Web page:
Oberlin and Public Radio: Dissecting the Connection
“Public radio seems like an extension of Oberlin,” says a listener in Cleveland. “It broadens the thought process by introducing new views, information, and people.” Obies in the business agreeand, perhaps not surprisingly, have much more to say:
NPR headquarters in Washington, DC, is the home-away-from home for five Oberlin alumni. From left: reporter Alix Spiegel ’94, reporter Kathy Schalch ’78, reporter Paul Brown ’74, editor Cathy Shaw ’73, and reporter Jon Hamilton ’83.
Why does there seem to be a connection between Oberlin and public radio? Radio is intimate; it’s a one-to-one medium. Radio asks its listeners to participate, to bring their own pictures. Radio gives voice to interesting characters and unexpected stories. All these things feel like Oberlin to me. But the most important reason for the Oberlin-public radio link is not the radio part. It’s the public part. Oberlin, more than any place I’ve been, instills a sense of mission. It doesn’t matter what that mission is, but everyone I knew at college seemed to have one. Oberlin teaches the value of contributing something, adding your brick to the world. For me, the way to contribute is by helping people tell their own stories, especially people who would not otherwise be heard. Public radio is best at letting peoplereporters and subjectssound like themselves.
Joe Richman ’87
Founder and Producer, Radio Diaries
Producer and Reporter, All Things Considered
Obies have an underlying interest in the common experience and an appreciation for dialogue. The public radio world puts a higher value on those things than other media outlets. There is an appreciation for people really talking about their situations and their lives. That’s something I found at Oberlinan appreciation for asking real questions and getting real answers. I guess I’d like to think that’s what my job is about.
Ben Calhoun ’01
Politics Reporter, Chicago Public Radio
An Oberlin alumnus is attracted to public radio for many of the same reasons he/she was attracted to Oberlin: it’s got better plumbing than the Peace Corps, nobody’s going to beat you up for your lunch money, mumbling isn’t frowned upon, and you don’t have to wear a tie.
David Greene ’82
Associate Producer, Car Talk
Obies are a creative bunch, and public radio is a very creative medium. Worlds are created, situations revealed or explained through sound, language, and music. The listener is an active participant, recreating and interpreting the words and sounds into stories. It’s about listening, and listening is something most Obies learn to do well. More importantly, there is a kindness in the people I’ve met who work at public radio. A willingness to share and give back to the communitya trait also found in many Obies.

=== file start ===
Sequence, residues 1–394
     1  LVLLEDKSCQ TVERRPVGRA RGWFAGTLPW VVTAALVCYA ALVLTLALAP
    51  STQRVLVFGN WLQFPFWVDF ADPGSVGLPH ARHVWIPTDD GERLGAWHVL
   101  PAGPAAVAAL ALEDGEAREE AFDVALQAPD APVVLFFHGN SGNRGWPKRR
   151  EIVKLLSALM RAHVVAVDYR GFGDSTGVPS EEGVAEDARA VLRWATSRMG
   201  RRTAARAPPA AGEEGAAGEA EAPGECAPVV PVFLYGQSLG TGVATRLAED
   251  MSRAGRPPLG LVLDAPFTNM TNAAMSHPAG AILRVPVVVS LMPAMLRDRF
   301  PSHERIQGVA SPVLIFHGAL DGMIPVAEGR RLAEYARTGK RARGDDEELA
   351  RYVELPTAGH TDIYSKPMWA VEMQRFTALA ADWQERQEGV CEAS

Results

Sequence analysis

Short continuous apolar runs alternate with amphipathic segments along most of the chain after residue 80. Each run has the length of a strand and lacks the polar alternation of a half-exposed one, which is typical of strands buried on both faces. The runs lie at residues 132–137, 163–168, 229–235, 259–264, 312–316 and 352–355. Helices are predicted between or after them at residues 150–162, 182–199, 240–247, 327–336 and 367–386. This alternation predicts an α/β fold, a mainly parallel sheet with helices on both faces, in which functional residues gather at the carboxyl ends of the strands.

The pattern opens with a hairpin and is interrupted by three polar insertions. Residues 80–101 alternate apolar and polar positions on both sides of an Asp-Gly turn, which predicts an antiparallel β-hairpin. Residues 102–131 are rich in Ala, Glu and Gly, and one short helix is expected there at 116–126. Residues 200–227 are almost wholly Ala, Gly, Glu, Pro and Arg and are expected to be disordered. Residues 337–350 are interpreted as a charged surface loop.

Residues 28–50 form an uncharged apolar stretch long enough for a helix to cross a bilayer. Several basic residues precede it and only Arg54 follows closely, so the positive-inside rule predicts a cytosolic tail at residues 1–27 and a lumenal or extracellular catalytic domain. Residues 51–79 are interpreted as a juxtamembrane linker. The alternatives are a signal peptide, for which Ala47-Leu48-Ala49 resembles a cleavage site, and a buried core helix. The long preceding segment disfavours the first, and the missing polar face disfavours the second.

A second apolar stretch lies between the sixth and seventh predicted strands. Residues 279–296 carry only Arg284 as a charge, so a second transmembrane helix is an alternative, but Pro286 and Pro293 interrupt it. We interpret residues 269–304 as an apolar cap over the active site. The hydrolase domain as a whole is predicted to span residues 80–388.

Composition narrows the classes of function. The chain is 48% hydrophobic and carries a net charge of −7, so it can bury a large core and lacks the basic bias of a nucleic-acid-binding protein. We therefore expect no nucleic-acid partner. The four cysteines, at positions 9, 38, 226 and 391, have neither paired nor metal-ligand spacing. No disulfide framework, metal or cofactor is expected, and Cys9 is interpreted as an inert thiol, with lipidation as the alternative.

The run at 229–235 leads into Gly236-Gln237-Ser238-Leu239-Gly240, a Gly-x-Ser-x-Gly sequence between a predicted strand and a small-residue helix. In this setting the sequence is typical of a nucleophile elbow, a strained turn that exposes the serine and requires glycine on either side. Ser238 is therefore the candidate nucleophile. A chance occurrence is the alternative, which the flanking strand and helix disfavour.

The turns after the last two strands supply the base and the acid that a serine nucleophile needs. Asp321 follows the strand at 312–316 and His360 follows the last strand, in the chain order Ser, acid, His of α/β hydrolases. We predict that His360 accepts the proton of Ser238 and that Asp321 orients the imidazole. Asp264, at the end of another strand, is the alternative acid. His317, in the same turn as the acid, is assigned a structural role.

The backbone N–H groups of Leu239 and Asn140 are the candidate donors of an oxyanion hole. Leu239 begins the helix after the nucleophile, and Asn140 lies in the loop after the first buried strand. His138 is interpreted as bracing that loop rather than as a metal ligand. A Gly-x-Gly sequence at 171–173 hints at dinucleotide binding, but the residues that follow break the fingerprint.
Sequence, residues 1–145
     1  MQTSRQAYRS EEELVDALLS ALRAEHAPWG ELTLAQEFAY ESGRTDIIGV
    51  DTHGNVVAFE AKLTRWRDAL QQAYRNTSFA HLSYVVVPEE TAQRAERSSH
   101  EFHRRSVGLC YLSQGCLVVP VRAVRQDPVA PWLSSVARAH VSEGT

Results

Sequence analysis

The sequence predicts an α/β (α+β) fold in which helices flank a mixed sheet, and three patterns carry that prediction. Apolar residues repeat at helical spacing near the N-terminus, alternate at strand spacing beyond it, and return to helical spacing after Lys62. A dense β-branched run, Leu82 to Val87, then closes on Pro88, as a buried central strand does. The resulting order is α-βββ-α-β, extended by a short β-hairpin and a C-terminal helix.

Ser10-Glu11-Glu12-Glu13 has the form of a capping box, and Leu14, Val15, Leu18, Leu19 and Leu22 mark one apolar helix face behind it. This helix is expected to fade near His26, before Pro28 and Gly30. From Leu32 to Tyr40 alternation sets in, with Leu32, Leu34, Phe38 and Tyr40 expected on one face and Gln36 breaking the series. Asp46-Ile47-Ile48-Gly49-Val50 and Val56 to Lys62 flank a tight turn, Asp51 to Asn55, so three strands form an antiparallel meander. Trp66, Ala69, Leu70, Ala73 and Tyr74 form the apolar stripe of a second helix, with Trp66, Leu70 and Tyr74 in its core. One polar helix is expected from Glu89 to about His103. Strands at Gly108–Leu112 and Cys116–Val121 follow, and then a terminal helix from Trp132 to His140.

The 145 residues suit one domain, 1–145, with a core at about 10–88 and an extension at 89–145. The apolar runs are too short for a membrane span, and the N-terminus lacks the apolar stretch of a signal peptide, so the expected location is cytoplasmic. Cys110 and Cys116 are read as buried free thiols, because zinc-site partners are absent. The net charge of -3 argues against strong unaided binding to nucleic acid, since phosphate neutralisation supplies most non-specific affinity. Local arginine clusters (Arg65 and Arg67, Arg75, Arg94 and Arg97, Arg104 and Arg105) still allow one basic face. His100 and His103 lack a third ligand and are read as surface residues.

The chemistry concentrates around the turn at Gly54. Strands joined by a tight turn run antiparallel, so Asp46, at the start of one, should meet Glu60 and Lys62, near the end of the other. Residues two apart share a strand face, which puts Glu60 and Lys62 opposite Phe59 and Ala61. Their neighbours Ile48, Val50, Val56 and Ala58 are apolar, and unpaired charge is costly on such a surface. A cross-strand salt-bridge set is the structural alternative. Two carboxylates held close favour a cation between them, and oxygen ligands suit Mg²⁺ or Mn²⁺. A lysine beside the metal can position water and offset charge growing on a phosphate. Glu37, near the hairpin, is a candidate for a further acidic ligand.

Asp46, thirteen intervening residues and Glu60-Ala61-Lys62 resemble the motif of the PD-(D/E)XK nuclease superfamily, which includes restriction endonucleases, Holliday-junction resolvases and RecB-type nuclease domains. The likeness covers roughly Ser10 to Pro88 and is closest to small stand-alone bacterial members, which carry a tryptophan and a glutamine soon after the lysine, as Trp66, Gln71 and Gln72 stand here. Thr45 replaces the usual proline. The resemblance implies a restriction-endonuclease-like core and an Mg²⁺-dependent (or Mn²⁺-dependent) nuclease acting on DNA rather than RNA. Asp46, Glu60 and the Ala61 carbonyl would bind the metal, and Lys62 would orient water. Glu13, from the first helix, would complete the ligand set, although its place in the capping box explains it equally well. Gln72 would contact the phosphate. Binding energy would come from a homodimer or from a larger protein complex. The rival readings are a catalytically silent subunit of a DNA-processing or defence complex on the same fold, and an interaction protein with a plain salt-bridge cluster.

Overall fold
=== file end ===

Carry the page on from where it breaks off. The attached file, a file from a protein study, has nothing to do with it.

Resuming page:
Benjamin Shaw ’96
Reporter, Capitol News Connection
I’ve been involved in public radio since my tenure at Oberlin. It all began with a winter-term project, where in the solitude of a Kansas prairie, I discovered the power and mystery of public radio. It was so peacefuland so purposeful. Most of my public radio work since then has been in urban settings, but the memory of the impact public radio has in far-flung communities has stayed with me. At The Changing World, my job is to make BBC radio documentaries accessible to American listeners. One week we hear how Cubans feel about Fidel Castro’s advancing age; the next we listen to domestic servants in South Africa or India talk frankly about the risks and rewards of their jobs. I feel as though I’m paid to learnwhich is another thing I love. I’m always learning! And always being creative.
Judy Finn ’84
Producer, The Changing World
Public radio has fantastic listeners who are concerned about the world. In one case, a listener tuned into Marketplace on his waterproof headphones as he swam laps after work. He heard my story about the young daughter of a poor farmer who had her leg amputated due to malpractice. The U.S. listener provided a prosthesis for her, and another listener, a Hollywood scriptwriter, is sending her to school. Public radio listeners rock!
Jocelyn Ford ’81
Beijing Bureau Chief, Marketplace
Through Minnesota Public Radio, I’ve shared classical music with far more people than ever would have been possible via the classroom, and I found the support necessary to launch and sustain Pipedreams (a weekly program of pipe organ music), which has become my “claim to fame.” With outreach through 170 stations, plus the Internet and satellite radio, the program has attained international scope and will celebrate its 25th anniversary in 2007. Only on public radio? Likely.
Michael Barone ’68
So many Oberlin grads have the strong desire to have a job that allows them to use their imagination, to express their creativity and even to perform. Public radio is a platform that can support those needs. One wonderful phrase heard often at Oberlin graduations is “I want to make the world a better place.” A practical Obie might reason that working in radio—as a mass medium—would be an effective means to reach this goal.
Susannah Erler ’87
Public radio grant writer and former station manager at WQUB, the NPR affiliate in Quincy, Ill.
WebXtra: For Weblinks and a full list of Obies working in public radio, visit http://www.oberlin.edu/alummag/summer2006/feat_radio_5.html.